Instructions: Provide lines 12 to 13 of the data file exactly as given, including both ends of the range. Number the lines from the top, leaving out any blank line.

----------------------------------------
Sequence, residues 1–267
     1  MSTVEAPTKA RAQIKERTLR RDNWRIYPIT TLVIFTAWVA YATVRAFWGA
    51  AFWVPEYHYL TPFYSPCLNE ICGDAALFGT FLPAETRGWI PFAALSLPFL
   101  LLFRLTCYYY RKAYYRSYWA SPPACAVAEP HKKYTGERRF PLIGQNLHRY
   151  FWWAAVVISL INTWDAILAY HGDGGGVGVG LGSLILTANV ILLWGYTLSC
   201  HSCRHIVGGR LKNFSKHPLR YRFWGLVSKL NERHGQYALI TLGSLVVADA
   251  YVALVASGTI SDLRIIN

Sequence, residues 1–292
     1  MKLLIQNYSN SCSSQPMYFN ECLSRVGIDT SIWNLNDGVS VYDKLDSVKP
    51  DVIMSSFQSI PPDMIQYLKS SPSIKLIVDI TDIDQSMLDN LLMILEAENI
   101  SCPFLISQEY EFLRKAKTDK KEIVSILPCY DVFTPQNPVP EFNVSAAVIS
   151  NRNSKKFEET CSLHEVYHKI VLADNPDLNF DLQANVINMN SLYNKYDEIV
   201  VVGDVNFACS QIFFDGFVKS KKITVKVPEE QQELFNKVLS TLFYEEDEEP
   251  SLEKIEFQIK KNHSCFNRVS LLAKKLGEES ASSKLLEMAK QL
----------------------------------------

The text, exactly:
   151  NRNSKKFEET CSLHEVYHKI VLADNPDLNF DLQANVINMN SLYNKYDEIV
   201  VVGDVNFACS QIFFDGFVKS KKITVKVPEE QQELFNKVLS TLFYEEDEEP